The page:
Author: Muriel Harris Weinstein
Illustrator: Frank Morrison
Age Range: 7-10
Cover Score: ****
Overall Grade: ****
I'm always a sucker for biographies, especially of the picture book or short chapter book variety. I love that you can get a chunk of a story or glimpse into someone's life and learn so much in just a few pages. Make it the biography of someone I grew up with (not literally of course) and I'm sold!
I don't remember a time when I didn't know who Louis Armstrong was. His unique voice is as powerful a memory device for me as certain smells can be. Closing my eyes and listening to him sing and wail away on his trumpet can instantly take me back to my grandpa's living room or a long car ride with my family or a dozen other places. He and Ella Fitzgerald (whom he partnered with extensively in his later career) are as much a part of my family as any of my blood relatives, I just haven't had a chance to meet them...yet!
So, this little gem of a book is a brief and simplified introduction to Louis' life, told from the viewpoint of his horn. Watching a small, eager boy from his perch in the pawn shop window he sees him scrabble to make a few meager coins to help support his single mother and baby sister. He watches Louis mimic the musicians in the parades that traipse through the streets of New Orleans on a constant basis. He mourns when Louis is sent to a correctional facility after a misunderstanding and rejoices when Louis returns home and is finally able to scrape together enough money to make the horn his own.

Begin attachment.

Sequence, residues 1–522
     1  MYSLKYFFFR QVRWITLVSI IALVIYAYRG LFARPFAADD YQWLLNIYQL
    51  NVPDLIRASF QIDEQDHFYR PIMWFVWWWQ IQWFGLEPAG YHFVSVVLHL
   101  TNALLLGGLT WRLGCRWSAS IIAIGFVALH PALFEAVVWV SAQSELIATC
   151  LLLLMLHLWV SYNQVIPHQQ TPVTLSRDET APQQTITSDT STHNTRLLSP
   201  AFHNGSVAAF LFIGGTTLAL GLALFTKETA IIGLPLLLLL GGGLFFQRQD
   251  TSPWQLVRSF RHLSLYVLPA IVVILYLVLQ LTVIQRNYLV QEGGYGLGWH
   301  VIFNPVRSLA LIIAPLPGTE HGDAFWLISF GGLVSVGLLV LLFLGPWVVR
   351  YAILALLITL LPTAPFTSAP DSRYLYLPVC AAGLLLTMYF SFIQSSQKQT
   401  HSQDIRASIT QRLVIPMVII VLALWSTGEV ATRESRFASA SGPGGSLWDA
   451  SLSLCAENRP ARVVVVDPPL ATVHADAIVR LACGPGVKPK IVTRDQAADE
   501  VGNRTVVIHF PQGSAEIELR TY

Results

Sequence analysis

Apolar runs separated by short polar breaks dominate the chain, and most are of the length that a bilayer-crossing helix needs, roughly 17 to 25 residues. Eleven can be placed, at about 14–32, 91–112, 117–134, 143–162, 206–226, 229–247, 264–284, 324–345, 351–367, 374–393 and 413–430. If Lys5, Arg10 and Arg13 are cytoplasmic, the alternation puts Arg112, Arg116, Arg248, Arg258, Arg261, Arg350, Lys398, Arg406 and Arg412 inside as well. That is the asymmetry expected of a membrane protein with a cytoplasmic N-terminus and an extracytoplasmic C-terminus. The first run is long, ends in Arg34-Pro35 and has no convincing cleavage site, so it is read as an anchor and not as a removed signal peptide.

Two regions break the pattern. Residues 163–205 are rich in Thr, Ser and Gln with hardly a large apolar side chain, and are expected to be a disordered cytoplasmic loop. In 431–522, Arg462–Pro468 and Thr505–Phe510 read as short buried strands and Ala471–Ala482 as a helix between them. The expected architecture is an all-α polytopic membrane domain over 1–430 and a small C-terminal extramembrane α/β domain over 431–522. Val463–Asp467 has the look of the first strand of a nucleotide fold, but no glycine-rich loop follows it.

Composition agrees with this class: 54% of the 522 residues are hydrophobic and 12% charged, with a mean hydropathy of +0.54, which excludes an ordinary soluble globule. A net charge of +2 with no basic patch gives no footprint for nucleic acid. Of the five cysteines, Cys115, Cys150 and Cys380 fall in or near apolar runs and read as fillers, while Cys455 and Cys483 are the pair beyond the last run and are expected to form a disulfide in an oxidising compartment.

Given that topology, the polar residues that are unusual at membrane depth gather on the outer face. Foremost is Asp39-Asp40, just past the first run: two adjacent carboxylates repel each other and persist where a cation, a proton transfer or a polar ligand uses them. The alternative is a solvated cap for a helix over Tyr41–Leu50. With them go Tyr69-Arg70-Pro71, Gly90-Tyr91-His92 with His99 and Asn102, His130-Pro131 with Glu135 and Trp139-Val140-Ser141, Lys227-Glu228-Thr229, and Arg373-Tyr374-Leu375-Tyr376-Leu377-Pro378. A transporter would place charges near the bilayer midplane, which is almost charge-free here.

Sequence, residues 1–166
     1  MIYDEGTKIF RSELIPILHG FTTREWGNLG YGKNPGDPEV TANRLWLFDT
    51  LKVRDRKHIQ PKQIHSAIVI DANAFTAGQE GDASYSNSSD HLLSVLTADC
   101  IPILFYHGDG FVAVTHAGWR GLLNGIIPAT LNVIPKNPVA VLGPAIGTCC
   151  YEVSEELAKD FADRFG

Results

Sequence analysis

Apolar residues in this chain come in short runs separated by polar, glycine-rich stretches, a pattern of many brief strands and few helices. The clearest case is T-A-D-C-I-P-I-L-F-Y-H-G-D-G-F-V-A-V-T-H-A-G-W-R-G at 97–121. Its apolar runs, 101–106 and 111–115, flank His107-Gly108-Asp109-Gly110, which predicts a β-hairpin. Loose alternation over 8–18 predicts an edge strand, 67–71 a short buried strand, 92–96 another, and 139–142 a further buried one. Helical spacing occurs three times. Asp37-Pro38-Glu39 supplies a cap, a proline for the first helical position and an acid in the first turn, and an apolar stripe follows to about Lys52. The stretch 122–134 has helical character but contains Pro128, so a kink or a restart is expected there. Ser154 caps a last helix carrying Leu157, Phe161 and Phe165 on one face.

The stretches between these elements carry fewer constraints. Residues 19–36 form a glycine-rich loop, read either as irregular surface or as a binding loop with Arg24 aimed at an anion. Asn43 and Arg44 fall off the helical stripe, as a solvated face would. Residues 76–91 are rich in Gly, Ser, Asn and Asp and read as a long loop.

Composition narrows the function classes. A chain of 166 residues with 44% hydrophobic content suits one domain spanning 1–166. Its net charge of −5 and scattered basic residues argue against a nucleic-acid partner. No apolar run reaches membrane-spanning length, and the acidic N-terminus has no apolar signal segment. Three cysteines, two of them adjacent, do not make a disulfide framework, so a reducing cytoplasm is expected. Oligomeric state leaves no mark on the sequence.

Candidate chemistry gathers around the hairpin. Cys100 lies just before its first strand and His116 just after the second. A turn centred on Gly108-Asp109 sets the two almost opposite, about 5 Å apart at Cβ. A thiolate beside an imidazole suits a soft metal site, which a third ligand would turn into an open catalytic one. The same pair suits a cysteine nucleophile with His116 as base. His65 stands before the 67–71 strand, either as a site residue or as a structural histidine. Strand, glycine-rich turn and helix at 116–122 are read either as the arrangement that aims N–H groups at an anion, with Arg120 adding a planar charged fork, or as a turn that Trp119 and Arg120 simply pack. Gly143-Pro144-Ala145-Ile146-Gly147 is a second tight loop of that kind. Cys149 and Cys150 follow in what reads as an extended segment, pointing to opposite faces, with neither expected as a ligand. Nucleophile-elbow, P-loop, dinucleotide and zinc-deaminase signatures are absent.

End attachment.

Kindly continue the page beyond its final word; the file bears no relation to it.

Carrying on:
The book is filled with words and phrases that paint pictures of the time and place as well as the music, the voice of the horn carrying just enough slang to flavor the text but not so much that it will confuse young readers. Here are a couple of samples:
Louis soft-shoed up to the counter. He put the five bucks down. When Louis picked me up, I wanted to blow so darn loud that all the horn players in New Orleans would cry, "Now that's what I call a horn"
Louis looked at my old, stained body and said he could shine me up so good I'd make everybody squint. Then--without ever reading a note, without ever taking a lesson--Little Louis picked me up, puckered his lips, and blew "Home, Sweet Home" as if it were born on his tongue. (pg. 43)
Louis walked to the front of the stage. They had no mics then. Louis tilted his head back and blew a new kind of blues, blowing notes higher than anyone had ever heard, holding them longer than anyone else--notes that moaned, then turned sugar sweet and soared so high they touched the moon. One by one each note turned colors: first blue, then lazy purple, then spinning round like pink molasses and cotton candy, then into swirls of rainbow-colored ribbons. All floated down as soft as velvet, turning in the air, curling into your ears. (pg. 74-75)
Good stuff, eh?
The story leaves off just as Louis is rising to fame and fortune but there is an afterword that gives the reader some additional information about jazz music in general, his influence on musicians everywhere and the rest of his life. There's also a glossary for some of the lesser-known and slang phrases and a nice list of references (including two autobiographies which have landed on my ever-growing TBR list!)
There are also some illustrations that nicely complement the text. The black and white charcoaly sketches lend themselves to the feel of the time period and will encourage any reluctant readers who will only read books with pictures!
Louis Armstrong had a rough start but his effervescent spirit and his willingness to work hard saw him through the tough spots and helped him succeed. A great lesson for all of us! Highly recommended for anyone interested in African American history, jazz music, or a host of other topics.
(*sigh* One day I will learn to play the trumpet!)